Smoking Venison and Deer Meat
Smoking Venison and Deer Meat – Overview
What Deer Meat Smoking Is
Deer meat smoking is the process of surrounding a piece of meat in a moist and smokey chamber while cooking it low and slow. The prolonged exposure to wood smoke allows the venison to absorb much of the flavor, giving it a taste that can’t be matched any other way. Meat smokers generally shoot for a temperature range between 200º-225º, depending on the type of meat you are smoking. Smoking venison meat also assist in preserving it. There are two mechanisms for this preservation: dehydration and the antibacterial properties of absorbed smoke.
Smoking Venison to Add Flavor
Smoking venison is exactly what the name implies: flavoring the deer meat with smoke. Using any kind of improvised device will do the job as long as the smokehouse is made from environmentally safe material. As long as smoke contacts the meat surface it will impart its flavor to the meat. The strength of the flavor depends mainly on the time and density of the smoke. Smoked meats are usually eaten cold at a later date. Many great recipes require that smoked products hang for a designated time to lose more weight to become drier. It is only then that they are ready for consumption.
Reasons for Smoking Venison
Smoking venison offers many improvements (and will also offer improvements for all different types of meat, seafoods and poultry). Besides enhancing the taste and look, it also increases its longevity, and helps preserve the deer meat last longer by slowing down the spoilage of fat and growth of bacteria. Smoking venison longer leads to more water loss, and results in a saltier and drier product, which naturally increases its shelf life (think deer jerky!). If fact, man discovered that in addition to salting and curing meat with nitrates, smoking was a very effective tool in preserving meats – which is still used to this day!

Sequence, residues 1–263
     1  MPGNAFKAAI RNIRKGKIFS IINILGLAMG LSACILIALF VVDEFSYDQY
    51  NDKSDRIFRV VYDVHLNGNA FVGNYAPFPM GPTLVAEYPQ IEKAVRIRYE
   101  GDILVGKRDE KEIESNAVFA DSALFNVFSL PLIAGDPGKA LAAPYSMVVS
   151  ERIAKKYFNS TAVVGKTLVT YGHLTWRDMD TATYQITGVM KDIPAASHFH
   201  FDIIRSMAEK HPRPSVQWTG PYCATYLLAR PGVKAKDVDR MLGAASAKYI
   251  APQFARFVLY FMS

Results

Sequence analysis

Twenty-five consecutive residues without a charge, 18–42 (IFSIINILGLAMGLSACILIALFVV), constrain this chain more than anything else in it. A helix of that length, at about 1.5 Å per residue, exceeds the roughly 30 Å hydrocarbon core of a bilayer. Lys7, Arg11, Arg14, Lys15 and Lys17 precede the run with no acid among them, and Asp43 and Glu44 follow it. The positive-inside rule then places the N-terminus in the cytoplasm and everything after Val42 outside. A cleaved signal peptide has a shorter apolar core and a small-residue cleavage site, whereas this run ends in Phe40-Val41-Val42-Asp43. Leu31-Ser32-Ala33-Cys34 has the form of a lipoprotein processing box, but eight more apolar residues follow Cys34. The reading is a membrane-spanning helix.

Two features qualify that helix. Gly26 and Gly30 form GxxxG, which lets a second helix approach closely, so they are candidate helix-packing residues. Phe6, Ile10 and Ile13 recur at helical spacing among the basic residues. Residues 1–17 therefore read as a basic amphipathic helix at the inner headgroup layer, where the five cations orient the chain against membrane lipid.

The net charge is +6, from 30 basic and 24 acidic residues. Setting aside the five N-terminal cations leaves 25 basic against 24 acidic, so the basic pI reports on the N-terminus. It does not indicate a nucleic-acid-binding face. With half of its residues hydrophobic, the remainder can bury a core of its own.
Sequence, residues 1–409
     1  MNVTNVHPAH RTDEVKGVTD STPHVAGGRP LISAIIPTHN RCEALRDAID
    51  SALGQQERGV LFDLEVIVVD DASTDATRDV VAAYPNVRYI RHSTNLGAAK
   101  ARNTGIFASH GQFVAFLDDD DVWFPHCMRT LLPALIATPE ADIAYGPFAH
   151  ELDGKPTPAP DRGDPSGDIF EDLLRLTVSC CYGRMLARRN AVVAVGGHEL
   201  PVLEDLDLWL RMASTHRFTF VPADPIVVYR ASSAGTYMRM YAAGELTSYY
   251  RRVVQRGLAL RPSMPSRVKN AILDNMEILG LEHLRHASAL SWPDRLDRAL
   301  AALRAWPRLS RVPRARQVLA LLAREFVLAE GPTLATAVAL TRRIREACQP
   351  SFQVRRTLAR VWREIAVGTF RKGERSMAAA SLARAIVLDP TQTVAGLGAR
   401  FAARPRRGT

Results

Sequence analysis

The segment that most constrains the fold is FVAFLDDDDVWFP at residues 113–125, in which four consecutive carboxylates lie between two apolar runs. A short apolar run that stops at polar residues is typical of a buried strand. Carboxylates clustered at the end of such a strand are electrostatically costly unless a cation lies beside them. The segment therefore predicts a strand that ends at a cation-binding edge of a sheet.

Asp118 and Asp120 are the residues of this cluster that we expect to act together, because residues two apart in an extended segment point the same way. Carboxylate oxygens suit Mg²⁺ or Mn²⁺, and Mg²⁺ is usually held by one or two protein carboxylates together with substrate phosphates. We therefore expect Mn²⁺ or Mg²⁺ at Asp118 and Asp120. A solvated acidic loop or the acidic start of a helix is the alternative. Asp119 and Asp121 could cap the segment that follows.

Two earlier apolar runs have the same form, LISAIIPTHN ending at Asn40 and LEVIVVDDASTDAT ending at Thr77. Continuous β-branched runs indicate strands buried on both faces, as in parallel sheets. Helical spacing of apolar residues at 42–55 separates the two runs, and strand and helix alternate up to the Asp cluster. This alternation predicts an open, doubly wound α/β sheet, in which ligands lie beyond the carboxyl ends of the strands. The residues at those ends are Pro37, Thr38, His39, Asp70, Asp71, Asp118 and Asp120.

The Advantages of Smoking Venison are Numerous
- Kills certain bacteria and slows down the growth of others.
- Prevents fats from developing a rancid taste.
- Prevents mold from forming on fermented sausages.
- Extends shelf life of the product.
- Improves the taste and flavor.
- Changes the color; smoked meats shine and simply look better.
- The meat on the outside becomes a light brown, red, or almost black depending on the type of wood used, heating temperatures, and total time smoking.
Different Woods add Different Flavorings When Smoking Venison
Adding wood to your gas or charcoal grill when smoking venison can accentuate the flavor of whatever you are cooking. To flavor your venison using a gas grill, do not throw your chips on the grill. Use a container to hold the wood, such as aluminum foil, which will allow the wood to produce smoke without ash falling on the meat. When using a charcoal grill, simply add the woodchucks to the coals and close the lid for a few minutes to allow the smoke to permeate the grill. It is advisable to soak wood chips and nuts in water for 30 minutes before use, to allow them time to burn more slowly on the fire and so release their full aroma. Here are the types of wood that you can use to enhance the type of meat that you are cooking.
Type of Woods to Try When Smoking Venison
Smoking with Alder Wood
Smoking with Alder Wood produces a very delicate and slightly sweet taste when used while barbequing. The sweet, musky smoke is a traditional wood of the Northwest and is most commonly used for smoking salmon, but can also be used while cooking seafood and other food types.
Smoking with Apple Wood
Apple wood gives meat a sweet, fruity taste. Apple is the strongest smoke flavor of all the fruitwood’s. It is a good mild wood that works well on poultry and ham and will turn the meats skin a dark brown.